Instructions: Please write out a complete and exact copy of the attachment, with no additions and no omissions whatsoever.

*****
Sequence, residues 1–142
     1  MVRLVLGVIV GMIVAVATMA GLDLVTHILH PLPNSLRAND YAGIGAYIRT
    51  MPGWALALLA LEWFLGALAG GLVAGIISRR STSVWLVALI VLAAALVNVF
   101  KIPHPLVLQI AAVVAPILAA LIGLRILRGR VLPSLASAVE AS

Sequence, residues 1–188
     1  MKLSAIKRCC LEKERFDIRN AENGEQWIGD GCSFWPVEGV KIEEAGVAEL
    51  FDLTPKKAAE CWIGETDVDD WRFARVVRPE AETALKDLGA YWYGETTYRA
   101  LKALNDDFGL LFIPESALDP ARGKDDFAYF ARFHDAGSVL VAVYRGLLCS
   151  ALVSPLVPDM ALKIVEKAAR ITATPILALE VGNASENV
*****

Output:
Sequence, residues 1–142
     1  MVRLVLGVIV GMIVAVATMA GLDLVTHILH PLPNSLRAND YAGIGAYIRT
    51  MPGWALALLA LEWFLGALAG GLVAGIISRR STSVWLVALI VLAAALVNVF
   101  KIPHPLVLQI AAVVAPILAA LIGLRILRGR VLPSLASAVE AS

Sequence, residues 1–188
     1  MKLSAIKRCC LEKERFDIRN AENGEQWIGD GCSFWPVEGV KIEEAGVAEL
    51  FDLTPKKAAE CWIGETDVDD WRFARVVRPE AETALKDLGA YWYGETTYRA
   101  LKALNDDFGL LFIPESALDP ARGKDDFAYF ARFHDAGSVL VAVYRGLLCS
   151  ALVSPLVPDM ALKIVEKAAR ITATPILALE VGNASENV